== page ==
<
>

With a new national record, Murli Gavit gets his dreams back on track

Murli Gavit recently broke the national record in the 10km road race. Murli Gavit

On January 8, after crossing the finish line in his first race of the season in Valencia, Spain, Murli Gavit had a reason to be happy. He had clocked a time of 28:42 in the 10km road race, shaving 12 seconds off the previous national record set 14 years ago. Indian athletes seldom run the 10km road race -- it's far more common to run that distance on the athletic track. The Indian record on the synthetic track for instance is a lot quicker at 28:02:89. Yet for Gavit this timing was a very important one. It's his fastest time over that distance on road or on track for over two years now.

It's a race that justified the decision for Gavit, who doesn't have a permanent job, made to spend money out of his own pocket to train at the elite high altitude running base of Iten in Kenya. "It was a risk to train in Kenya. But this result at the start of the year is a great motivation for me. It gives me the confidence that I'm nearly back to where I was at my peak. I will build on this," he said after landing at Nairobi's Jomo Kenyatta airport a day back.

Gavit was once India's most promising long-distance runner. He was a double champion over the 5,000m and 10,000m in 2019 and won a silver medal in the longer distance at the 2019 Asian Championships in Qatar with a personal best time of 28.38.34. However, the outbreak of the COVID-19 pandemic would hurt his career badly. He had been pushing his body to the limit at the start of the year -- looking to breach the 27-minute mark that would allow him to qualify for the Olympics. But the load had been too much and his body eventually broke down. Even after he recovered, there was another blow. Gavit had been a sponsored athlete training in Kenya with coach Hugo Van den Broek, but as the Indian economy crashed in early 2020, that contract was cancelled.

Gavit had to return home to India, to the village of Kumarband in the Dang district of Gujarat. The third son of a tribal family of cattle grazers, he had started his running career back in 2013. It had been his way out of destitution. He had gone from running barefoot, winning Rs 2,000 in his first race to holding the Indian flag aloft in Doha. Now he was back literally where he had started.

"It was a little difficult to come to terms with it. But at that time my goal was still to qualify for the Olympics. Coach (Van den Broek) would send me a training program and I'd try to follow it in my village," he says.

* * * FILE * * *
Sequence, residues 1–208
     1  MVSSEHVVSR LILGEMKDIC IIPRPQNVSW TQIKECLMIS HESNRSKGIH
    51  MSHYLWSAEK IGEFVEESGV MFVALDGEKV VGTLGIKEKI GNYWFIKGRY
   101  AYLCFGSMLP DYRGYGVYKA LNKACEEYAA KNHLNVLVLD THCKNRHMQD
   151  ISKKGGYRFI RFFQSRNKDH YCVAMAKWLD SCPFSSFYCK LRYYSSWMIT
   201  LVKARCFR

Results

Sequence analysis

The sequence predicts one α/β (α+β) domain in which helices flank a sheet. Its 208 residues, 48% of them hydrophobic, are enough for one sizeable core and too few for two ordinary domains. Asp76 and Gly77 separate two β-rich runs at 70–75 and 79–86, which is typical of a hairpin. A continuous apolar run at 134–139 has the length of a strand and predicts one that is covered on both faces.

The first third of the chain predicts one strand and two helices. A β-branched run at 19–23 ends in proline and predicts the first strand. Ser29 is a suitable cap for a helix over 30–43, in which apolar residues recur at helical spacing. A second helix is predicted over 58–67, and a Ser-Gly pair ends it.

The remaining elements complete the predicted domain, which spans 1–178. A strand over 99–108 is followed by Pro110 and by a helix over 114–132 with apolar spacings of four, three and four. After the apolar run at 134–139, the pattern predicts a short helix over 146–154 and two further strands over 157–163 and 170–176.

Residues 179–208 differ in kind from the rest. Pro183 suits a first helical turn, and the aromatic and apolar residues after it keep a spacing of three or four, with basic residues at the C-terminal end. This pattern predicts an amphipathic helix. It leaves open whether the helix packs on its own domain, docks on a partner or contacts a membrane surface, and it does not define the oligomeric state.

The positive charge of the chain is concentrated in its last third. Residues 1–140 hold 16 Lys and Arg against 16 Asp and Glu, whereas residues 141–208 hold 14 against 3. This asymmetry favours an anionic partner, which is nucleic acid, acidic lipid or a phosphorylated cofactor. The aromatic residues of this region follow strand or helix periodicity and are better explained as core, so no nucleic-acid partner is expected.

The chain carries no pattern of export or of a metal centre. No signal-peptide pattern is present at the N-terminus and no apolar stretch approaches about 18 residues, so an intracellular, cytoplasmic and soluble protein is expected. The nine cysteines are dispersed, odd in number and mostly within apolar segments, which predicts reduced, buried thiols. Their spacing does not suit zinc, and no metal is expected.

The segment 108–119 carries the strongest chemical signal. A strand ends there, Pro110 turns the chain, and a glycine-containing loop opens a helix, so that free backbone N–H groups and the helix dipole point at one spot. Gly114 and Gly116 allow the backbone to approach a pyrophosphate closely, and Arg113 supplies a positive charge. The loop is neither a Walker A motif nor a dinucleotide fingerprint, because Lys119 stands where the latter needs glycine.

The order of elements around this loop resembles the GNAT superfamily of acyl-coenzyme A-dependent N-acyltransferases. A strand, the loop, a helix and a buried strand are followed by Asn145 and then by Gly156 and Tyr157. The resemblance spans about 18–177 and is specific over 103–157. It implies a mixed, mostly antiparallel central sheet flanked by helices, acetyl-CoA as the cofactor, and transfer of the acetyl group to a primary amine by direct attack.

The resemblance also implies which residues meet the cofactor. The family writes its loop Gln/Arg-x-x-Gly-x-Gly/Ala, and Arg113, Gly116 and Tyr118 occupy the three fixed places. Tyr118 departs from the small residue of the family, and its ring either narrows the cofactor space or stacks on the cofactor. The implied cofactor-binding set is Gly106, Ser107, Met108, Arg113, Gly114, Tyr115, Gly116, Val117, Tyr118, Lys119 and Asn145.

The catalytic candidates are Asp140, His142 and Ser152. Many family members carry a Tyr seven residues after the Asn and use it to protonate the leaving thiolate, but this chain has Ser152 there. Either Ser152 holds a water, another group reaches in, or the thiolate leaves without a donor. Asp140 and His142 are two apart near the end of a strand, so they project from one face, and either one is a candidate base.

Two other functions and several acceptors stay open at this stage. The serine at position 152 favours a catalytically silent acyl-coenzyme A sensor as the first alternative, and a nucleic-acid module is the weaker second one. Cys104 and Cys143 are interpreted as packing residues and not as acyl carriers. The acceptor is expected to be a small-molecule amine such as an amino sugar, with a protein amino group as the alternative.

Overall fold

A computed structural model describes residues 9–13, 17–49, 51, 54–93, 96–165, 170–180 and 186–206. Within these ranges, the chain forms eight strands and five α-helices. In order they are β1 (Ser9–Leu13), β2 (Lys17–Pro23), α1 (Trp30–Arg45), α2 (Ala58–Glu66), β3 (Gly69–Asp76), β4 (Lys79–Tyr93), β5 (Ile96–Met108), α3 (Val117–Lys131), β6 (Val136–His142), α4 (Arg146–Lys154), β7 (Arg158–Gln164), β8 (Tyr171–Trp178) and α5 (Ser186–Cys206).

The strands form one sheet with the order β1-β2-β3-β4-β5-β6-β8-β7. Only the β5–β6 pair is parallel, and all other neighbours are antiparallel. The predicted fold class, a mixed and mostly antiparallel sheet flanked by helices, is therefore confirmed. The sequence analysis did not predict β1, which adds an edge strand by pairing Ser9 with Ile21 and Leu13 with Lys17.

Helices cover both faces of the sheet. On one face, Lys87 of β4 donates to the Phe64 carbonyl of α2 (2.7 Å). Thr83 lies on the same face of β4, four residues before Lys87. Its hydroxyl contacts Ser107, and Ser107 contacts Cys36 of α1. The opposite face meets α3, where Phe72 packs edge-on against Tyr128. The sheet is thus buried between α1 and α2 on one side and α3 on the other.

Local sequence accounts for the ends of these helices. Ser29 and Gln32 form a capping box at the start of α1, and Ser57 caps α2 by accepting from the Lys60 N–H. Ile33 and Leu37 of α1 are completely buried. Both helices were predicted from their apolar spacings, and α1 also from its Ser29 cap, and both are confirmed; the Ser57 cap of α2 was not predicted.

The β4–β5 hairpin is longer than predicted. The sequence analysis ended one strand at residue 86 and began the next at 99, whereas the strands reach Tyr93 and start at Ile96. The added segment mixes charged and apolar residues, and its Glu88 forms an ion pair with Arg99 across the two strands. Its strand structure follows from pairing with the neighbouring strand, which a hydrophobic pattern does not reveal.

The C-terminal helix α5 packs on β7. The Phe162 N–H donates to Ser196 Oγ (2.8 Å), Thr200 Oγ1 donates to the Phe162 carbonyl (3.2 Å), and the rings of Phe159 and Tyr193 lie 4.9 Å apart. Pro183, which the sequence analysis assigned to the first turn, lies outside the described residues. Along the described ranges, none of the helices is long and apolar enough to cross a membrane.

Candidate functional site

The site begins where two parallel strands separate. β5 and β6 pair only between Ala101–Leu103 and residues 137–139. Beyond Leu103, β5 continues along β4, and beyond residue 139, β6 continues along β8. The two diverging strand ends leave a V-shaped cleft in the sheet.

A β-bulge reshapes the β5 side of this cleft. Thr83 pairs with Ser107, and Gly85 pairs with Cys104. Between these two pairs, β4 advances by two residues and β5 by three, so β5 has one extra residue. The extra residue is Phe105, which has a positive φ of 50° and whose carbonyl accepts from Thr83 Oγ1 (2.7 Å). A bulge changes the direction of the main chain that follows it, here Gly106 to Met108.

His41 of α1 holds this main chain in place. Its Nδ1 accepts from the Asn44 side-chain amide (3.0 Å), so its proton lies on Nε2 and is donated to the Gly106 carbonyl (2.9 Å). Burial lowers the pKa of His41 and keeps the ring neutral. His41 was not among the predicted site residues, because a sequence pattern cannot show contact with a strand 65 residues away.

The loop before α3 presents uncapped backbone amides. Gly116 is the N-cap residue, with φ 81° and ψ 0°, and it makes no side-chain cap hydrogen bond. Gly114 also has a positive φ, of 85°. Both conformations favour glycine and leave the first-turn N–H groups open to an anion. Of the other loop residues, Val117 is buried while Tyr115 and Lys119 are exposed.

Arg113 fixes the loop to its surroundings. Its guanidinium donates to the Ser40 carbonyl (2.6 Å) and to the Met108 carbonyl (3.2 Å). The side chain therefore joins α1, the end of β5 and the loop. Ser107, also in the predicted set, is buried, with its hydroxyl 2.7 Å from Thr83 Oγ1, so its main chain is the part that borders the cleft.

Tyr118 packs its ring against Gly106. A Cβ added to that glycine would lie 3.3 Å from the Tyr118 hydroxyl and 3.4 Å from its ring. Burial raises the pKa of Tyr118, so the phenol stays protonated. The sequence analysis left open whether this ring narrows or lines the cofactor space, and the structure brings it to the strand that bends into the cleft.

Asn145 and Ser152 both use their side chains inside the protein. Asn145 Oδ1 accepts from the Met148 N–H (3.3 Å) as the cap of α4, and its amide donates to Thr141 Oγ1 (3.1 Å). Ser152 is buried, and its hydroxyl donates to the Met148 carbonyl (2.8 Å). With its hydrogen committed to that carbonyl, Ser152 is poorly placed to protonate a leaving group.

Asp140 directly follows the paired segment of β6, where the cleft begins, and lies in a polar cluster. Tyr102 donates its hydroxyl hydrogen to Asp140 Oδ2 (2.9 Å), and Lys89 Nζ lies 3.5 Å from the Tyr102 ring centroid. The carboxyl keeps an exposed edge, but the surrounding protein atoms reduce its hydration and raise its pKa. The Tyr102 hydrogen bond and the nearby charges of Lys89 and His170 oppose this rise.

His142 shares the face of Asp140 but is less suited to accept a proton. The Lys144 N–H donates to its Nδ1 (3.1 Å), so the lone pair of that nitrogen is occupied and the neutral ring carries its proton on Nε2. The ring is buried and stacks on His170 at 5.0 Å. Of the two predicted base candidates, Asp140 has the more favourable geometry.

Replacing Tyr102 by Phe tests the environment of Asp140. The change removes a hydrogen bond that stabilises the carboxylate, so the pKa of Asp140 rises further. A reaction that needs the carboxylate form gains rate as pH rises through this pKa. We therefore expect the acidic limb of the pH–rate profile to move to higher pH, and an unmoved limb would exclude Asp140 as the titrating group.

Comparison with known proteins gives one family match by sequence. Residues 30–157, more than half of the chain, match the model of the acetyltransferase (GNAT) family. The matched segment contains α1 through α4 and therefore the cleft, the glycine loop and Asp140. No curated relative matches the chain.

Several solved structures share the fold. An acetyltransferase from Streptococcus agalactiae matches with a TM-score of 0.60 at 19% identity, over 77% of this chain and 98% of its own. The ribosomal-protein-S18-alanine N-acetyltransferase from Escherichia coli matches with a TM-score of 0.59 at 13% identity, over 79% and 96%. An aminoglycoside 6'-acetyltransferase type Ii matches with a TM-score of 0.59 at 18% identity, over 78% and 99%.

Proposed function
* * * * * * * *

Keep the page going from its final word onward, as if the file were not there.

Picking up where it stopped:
This came with its own set of challenges that Gavit had thought he had left behind. "The best time to train is early in the morning. After that it gets too hot to do long distance running. But there are many wild animals here. When I was in my village there were many cases of leopards attacking and killing cattle. So, I would have to wait until about 8 am to start." Also, he could only do hill workouts and didn't have a track to train on. The fact that the athletics calendar was all but wiped out in 2020 meant he had no practice either.

Despite his best efforts, the substandard training took a toll. In his return to action at the Federation Cup in 2021, he finished outside the podium, clocking 30:31:23 -- his worst time in five years. He took part in the interstate championships and the national championships the same year and again finished without a medal. The Federation Cup failure hurt the most since that was his last chance to meet the qualifying standard for the Games.

"It was one of the lowest points I've had as an athlete. I'd been dreaming of the Olympics for the last five years. And I knew that my training wasn't up to the mark but I still was holding onto some hope," he says.

That's when he decided to go back to Kenya. "Khud se socha [I thought] if I had to get a medal, I have to go to Iten. I knew in India I had no chance to compete internationally. I'd been speaking to my coach for many months already. I'd actually decided in the lockdown itself that I need to go to Iten. In India I was slowly even losing the mentality of winning."